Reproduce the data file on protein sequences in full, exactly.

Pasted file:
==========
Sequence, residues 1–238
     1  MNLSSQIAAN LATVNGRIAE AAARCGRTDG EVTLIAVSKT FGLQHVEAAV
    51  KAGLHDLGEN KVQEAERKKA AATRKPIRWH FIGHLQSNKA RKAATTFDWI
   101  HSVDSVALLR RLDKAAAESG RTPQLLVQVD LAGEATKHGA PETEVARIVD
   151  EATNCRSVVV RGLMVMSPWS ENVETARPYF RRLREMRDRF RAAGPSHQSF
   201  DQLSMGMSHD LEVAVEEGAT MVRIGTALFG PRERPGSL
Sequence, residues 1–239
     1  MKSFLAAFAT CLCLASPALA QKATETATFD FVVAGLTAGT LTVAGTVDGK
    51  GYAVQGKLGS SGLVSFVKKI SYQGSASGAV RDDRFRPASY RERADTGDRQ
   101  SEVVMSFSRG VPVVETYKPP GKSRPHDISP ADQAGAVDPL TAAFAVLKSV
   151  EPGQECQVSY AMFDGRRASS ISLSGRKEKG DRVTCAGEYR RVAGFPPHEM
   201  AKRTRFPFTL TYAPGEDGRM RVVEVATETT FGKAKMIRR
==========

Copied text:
Sequence, residues 1–238
     1  MNLSSQIAAN LATVNGRIAE AAARCGRTDG EVTLIAVSKT FGLQHVEAAV
    51  KAGLHDLGEN KVQEAERKKA AATRKPIRWH FIGHLQSNKA RKAATTFDWI
   101  HSVDSVALLR RLDKAAAESG RTPQLLVQVD LAGEATKHGA PETEVARIVD
   151  EATNCRSVVV RGLMVMSPWS ENVETARPYF RRLREMRDRF RAAGPSHQSF
   201  DQLSMGMSHD LEVAVEEGAT MVRIGTALFG PRERPGSL
Sequence, residues 1–239
     1  MKSFLAAFAT CLCLASPALA QKATETATFD FVVAGLTAGT LTVAGTVDGK
    51  GYAVQGKLGS SGLVSFVKKI SYQGSASGAV RDDRFRPASY RERADTGDRQ
   101  SEVVMSFSRG VPVVETYKPP GKSRPHDISP ADQAGAVDPL TAAFAVLKSV
   151  EPGQECQVSY AMFDGRRASS ISLSGRKEKG DRVTCAGEYR RVAGFPPHEM
   201  AKRTRFPFTL TYAPGEDGRM RVVEVATETT FGKAKMIRR